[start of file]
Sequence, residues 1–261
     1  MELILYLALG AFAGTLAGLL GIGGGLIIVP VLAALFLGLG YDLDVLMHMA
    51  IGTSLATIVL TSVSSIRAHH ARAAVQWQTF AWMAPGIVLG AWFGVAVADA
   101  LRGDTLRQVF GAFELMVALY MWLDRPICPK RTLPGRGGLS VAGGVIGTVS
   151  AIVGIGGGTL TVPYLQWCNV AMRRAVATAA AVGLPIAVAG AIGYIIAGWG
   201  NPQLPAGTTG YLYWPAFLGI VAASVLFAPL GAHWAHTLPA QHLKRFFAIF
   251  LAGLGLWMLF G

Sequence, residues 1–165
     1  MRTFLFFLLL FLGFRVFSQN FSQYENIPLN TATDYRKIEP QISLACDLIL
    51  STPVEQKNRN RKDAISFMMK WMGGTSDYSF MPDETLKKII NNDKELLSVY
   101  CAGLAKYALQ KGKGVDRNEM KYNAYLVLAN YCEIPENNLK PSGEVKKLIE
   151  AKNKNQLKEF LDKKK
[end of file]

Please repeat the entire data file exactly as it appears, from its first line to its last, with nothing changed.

Sequence, residues 1–261
     1  MELILYLALG AFAGTLAGLL GIGGGLIIVP VLAALFLGLG YDLDVLMHMA
    51  IGTSLATIVL TSVSSIRAHH ARAAVQWQTF AWMAPGIVLG AWFGVAVADA
   101  LRGDTLRQVF GAFELMVALY MWLDRPICPK RTLPGRGGLS VAGGVIGTVS
   151  AIVGIGGGTL TVPYLQWCNV AMRRAVATAA AVGLPIAVAG AIGYIIAGWG
   201  NPQLPAGTTG YLYWPAFLGI VAASVLFAPL GAHWAHTLPA QHLKRFFAIF
   251  LAGLGLWMLF G

Sequence, residues 1–165
     1  MRTFLFFLLL FLGFRVFSQN FSQYENIPLN TATDYRKIEP QISLACDLIL
    51  STPVEQKNRN RKDAISFMMK WMGGTSDYSF MPDETLKKII NNDKELLSVY
   101  CAGLAKYALQ KGKGVDRNEM KYNAYLVLAN YCEIPENNLK PSGEVKKLIE
   151  AKNKNQLKEF LDKKK